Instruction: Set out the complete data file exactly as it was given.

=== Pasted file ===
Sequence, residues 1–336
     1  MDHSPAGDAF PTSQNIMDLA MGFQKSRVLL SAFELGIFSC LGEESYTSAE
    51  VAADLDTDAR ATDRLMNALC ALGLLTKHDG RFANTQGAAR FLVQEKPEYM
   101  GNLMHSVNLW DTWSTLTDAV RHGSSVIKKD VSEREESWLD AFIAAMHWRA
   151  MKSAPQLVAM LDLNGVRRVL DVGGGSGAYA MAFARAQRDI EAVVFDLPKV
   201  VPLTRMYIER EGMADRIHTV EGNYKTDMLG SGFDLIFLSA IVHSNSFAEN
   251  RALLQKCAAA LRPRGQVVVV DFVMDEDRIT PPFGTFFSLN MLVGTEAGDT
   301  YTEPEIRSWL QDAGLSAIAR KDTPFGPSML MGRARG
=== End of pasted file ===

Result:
Sequence, residues 1–336
     1  MDHSPAGDAF PTSQNIMDLA MGFQKSRVLL SAFELGIFSC LGEESYTSAE
    51  VAADLDTDAR ATDRLMNALC ALGLLTKHDG RFANTQGAAR FLVQEKPEYM
   101  GNLMHSVNLW DTWSTLTDAV RHGSSVIKKD VSEREESWLD AFIAAMHWRA
   151  MKSAPQLVAM LDLNGVRRVL DVGGGSGAYA MAFARAQRDI EAVVFDLPKV
   201  VPLTRMYIER EGMADRIHTV EGNYKTDMLG SGFDLIFLSA IVHSNSFAEN
   251  RALLQKCAAA LRPRGQVVVV DFVMDEDRIT PPFGTFFSLN MLVGTEAGDT
   301  YTEPEIRSWL QDAGLSAIAR KDTPFGPSML MGRARG